Three choices were reported to be at the top of President Joe Biden’s list of possible Supreme Court nominees. Judge Michelle Childs appeared to have more broad support, even among some Republicans. But the radical left demanded Judge Ketanji Brown Jackson. Predictably, they got their wish.
The radical group, Demand Justice, who shamefully had trucks around Washington, D.C., asking Justice Stephen Breyer to retire, along with other radical groups like MoveOn and Indivisible, had called for Judge Brown in no uncertain terms. The move prompted Sen. Lindsay Graham (R-South Carolina) to say, “The radical Left has won President Biden over yet again.”
So, who is Judge Ketanji Brown Jackson? Here is a basic rundown.
She was born in Washington, D.C., on September 14, 1970. She is 51. Last year, she became a judge for the United States Court of Appeals for the District of Columbia Circuit, taking the seat left vacant by U.S. Attorney General Merrick Garland. Even then, she had strong Republican opposition, being confirmed by a 53-44 vote. Only three Republican Senators, Susan Collins (Maine), Lisa Murkowski (Alaska), and Lindsey Graham (South Carolina), voted in favor.
Before that, she was a judge at the U.S. District Court in Washington, D.C., after being nominated by President Barack Obama and was the Vice Chair of the United States Sentencing Commission. She also clerked for Justice Breyer after graduating from Harvard Law School.
After her clerkship with Justice Breyer, Judge Jackson went to work for Goodwin Procter, a large law firm out of Boston, where she helped write an amicus (“friend of the court”) brief representing NARAL Pro-Choice America, the League of Women Voters, and the Abortion Access Project of Massachusetts, among others. The case was McGuire v. Reilly, a 2001 case where she supported a law targeting pro-life advocates trying to counsel women at abortion clinics.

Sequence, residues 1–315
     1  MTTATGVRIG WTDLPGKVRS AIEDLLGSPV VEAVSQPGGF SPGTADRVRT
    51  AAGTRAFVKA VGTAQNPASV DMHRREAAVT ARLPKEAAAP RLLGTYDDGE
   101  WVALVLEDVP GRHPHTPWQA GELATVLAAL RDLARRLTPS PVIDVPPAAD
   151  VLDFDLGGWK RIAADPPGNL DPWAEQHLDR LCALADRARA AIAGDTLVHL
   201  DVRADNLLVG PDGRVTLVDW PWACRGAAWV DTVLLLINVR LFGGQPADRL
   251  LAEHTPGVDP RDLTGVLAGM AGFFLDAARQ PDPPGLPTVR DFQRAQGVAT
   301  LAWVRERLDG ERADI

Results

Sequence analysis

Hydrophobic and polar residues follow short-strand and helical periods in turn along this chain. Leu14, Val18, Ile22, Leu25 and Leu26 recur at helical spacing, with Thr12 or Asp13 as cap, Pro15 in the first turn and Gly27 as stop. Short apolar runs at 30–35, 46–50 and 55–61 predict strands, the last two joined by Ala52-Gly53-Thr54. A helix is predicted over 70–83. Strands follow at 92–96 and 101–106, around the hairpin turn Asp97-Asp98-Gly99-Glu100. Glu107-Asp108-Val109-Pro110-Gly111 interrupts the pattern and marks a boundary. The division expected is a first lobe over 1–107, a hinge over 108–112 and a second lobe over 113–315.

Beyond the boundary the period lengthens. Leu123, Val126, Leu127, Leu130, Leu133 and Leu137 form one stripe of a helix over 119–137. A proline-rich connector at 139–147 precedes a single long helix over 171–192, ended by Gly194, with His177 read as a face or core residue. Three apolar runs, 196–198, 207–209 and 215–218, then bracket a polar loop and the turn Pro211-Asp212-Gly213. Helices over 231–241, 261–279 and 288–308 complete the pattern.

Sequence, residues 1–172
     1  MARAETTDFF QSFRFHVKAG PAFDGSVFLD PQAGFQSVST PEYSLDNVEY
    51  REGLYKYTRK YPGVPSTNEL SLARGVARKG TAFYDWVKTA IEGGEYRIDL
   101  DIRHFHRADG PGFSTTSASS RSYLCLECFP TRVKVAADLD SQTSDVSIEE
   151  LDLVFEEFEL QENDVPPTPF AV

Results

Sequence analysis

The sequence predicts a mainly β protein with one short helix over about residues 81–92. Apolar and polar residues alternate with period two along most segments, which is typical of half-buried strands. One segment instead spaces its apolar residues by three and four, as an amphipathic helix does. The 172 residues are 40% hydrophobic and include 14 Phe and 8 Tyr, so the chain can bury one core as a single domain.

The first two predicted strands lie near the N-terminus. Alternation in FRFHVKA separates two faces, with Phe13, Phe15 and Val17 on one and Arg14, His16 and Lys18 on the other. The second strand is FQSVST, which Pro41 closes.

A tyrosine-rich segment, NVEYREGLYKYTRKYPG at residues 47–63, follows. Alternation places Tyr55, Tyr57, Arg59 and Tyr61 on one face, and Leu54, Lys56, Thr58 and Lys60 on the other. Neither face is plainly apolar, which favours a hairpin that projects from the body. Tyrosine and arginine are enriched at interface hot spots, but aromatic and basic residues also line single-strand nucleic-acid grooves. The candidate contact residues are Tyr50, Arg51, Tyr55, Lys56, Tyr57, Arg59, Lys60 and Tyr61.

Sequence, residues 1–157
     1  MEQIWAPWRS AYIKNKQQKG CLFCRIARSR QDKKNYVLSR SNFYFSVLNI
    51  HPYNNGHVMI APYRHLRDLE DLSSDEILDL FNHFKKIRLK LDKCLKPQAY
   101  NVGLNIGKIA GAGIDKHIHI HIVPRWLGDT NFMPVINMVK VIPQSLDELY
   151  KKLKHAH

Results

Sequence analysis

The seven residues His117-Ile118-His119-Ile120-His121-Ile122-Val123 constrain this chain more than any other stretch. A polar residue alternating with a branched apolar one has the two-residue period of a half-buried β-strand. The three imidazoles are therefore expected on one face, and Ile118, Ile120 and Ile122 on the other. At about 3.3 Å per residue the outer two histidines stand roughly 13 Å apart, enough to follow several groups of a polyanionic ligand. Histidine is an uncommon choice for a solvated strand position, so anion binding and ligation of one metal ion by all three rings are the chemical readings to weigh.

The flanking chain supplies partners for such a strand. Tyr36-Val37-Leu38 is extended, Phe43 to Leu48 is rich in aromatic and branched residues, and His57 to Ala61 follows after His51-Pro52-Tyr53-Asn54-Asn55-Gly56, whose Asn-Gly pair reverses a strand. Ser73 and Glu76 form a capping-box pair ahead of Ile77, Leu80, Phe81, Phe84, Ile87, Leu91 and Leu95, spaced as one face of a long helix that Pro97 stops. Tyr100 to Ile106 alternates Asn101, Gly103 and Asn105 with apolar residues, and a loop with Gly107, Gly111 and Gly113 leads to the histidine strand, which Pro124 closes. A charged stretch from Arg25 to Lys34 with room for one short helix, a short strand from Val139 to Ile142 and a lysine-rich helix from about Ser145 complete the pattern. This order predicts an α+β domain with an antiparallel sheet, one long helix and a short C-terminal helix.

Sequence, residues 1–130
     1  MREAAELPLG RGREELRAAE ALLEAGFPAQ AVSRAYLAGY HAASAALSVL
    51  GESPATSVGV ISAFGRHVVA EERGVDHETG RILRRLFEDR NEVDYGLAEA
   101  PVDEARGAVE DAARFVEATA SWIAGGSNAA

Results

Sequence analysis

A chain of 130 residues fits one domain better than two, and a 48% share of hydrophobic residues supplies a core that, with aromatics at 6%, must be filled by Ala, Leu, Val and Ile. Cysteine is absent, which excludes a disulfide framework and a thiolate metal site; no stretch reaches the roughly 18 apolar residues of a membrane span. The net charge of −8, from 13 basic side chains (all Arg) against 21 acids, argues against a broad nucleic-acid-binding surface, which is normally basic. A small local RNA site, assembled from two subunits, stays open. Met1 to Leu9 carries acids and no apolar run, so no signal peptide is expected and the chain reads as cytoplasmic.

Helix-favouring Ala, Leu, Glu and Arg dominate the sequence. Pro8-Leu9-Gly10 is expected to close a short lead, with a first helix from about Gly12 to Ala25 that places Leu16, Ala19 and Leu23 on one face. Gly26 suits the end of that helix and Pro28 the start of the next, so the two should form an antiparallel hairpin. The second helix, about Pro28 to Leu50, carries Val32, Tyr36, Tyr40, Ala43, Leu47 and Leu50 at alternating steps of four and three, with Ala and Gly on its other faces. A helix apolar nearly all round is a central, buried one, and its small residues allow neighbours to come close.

Her pro-choice advocacy work has earned her the support of Big Abortion, including Planned Parenthood, NARAL, and the National Women’s Law Center. They are confident she will be willing to circumvent the Constitution to promote abortion “rights.”
The same can be said for the endorsements of pro-LGBTQ groups, like the Human Rights Campaign, who are pushing the boundaries of laws protecting women in sports, women’s shelters and prisons, and multiple other areas.
Her commitment to labor unions has also been held as an important asset, especially when comparing her to other nominees. She was cheered for her enjoining an executive order by President Trump that sought to hold federal employees accountable. She was later overruled unanimously by a D.C. Circuit panel that included an Obama appointee. But this seems to boost her credibility among activists looking for judges who will be “progressive” in their ruling, despite what may be required by the text of the law and judicial procedure.
There are concerns about her religious liberty commitments, also. At her D.C. Circuit hearing, Sen. Josh Hawley (R-Missouri) asked her about her involvement with a Christian school. Though she said she believed in religious liberty, she felt the need to distance herself from the Christian teachings relating to marriage that were referenced. This is an area that the Senate must fully explore.
The full review of her record is just starting, so we will have much more to come. But the preliminary report must be concerning for all freedom-loving Americans who want judges who will show the judicial restraint envisioned by the Constitution, instead of judges who interject themselves on every political and socially controversial issue with which “we the people” have vigorous disagreements to push their personal policy preferences.